The Bulgarian Orthodox Church on May 10 celebrated the anniversary of the restoration of the Bulgarian Patriarchate, whose existence ceased at the end of the XIV century, when Bulgaria fell under five centuries of Turkish slavery.
Already in the Renaissance, purposeful actions of Bulgarian church leaders began to restore the Bulgarian Patriarchate. The first step towards this was the establishment in 1870 of the Bulgarian Exarchate with its seat in Constantinople.
After the end of World War II, Bulgaria had the opportunity to spend the remaining 30 years without a permanent head of the Bulgarian Exarchate. On February 22, 1945, with the help of the sisters of the Orthodox Church, the schism was eliminated, which for several decades had hindered normal inter-church relations of the Exarchate. The Patriarchate of Constantinople recognized the autocephaly of the Bulgarian Orthodox Church as a special tomos.
In 1950, the Charter of the Bulgarian Orthodox Church was developed, in Article 1, the "self-governing Bulgarian Orthodox Church" is called the "Patriarchate".
At its meeting on January 3, 1953, the Synod of the Bulgarian Orthodox Church decided "to convene a Church-People's Assembly on May 8 this year to restore the patriarchal dignity of the Native Church and elect a Primate-Patriarch."
Delegations of the following Orthodox Churches arrived in Sofia for this great church-people's celebration: Russian, led by Metropolitan Gregory of Leningrad (St. Petersburg) and Novgorod; Romanian, led by Patriarch Justinian; Polish, led by Primate Metropolitan Macarius; Czechoslovakia, led by Metropolitan Eleffery. The Churches of Alexandria, Antioch, Jerusalem, Georgia, Serbia and Greece also took part in the celebration through their representatives or through telegraphic and written greetings.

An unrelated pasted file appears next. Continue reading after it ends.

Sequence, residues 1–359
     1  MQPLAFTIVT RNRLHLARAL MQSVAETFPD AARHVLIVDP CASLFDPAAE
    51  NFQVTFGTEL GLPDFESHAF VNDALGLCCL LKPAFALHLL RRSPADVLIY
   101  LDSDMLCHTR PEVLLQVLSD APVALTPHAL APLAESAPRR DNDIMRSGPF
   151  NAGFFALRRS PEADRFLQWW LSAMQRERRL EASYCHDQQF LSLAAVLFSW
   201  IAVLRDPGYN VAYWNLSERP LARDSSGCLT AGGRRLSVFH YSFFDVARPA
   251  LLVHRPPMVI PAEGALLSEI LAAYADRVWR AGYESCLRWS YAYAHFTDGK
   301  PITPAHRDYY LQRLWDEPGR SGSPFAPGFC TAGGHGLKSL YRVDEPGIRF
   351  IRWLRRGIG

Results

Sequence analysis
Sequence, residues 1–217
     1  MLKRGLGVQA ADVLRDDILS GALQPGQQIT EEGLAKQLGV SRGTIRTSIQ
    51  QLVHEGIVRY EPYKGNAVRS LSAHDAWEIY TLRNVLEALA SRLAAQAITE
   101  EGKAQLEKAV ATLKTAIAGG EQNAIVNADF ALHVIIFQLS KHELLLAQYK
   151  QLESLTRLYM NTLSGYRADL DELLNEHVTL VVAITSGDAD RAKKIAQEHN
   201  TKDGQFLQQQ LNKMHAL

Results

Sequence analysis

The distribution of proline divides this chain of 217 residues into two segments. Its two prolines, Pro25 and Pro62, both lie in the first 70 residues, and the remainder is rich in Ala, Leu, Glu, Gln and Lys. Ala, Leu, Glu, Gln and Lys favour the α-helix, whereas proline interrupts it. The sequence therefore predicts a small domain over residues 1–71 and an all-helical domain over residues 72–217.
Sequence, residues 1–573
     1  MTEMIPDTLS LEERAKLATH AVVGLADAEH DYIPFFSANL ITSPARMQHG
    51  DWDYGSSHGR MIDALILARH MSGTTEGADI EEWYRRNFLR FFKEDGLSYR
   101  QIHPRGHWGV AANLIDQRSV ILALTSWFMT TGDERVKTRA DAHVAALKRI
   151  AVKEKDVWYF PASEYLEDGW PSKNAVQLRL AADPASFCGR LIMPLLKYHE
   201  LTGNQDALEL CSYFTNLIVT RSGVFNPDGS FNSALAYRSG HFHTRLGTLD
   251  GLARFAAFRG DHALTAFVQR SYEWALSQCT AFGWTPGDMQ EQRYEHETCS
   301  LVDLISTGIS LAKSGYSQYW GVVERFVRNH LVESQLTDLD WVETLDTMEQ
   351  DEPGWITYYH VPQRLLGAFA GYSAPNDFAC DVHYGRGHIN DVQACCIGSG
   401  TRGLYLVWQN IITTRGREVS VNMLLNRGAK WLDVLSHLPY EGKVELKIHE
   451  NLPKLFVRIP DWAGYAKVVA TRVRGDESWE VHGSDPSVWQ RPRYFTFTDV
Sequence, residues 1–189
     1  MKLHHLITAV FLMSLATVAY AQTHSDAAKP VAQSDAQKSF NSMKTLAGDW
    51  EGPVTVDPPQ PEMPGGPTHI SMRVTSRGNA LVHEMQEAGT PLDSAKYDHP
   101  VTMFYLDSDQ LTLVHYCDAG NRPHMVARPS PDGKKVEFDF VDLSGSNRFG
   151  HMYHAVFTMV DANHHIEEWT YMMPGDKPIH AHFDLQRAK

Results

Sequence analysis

The Third Church-People's Council, convened according to the Statute (May 8-10), restored the patriarchal status of the Bulgarian Church and on May 10 elected His Eminence Metropolitan Kirill of Plovdiv as Deputy Chairman of the Holy Synod and Chairman of the Patriarch of Bulgaria and Metropolitan of Sofia.
The enthronement took place immediately after the election of the memorial church of St. Alexander Nevsky in the Patriarchal Cathedral in the presence of representatives of the state and cultural community, foreign delegations and numerous believers.
The newly restored Bulgarian Patriarchate is recognized by all Orthodox churches. Its primate establishes a living connection with them through mutual fraternal messages and visits. With his first priestly, church-educational, pastoral and scientific activities, he became widely known in the Christian world, among the broad cultural community of the country and abroad. The prestige of the Bulgarian Church is growing both among Orthodox and non-Orthodox Christian churches and organizations, as well as among the world community.
After the blessed death of His Holiness Patriarch Kirill (March 7, 1971), Bulgarian Patriarch Maxim became his worthy deputy, who remained the longest-ruling Bulgarian Patriarch in our modern church history.
On February 24, 2013, Metropolitan Neophyte of Rusen was elected Bulgarian Patriarch at the Patriarchal Electoral Church Council.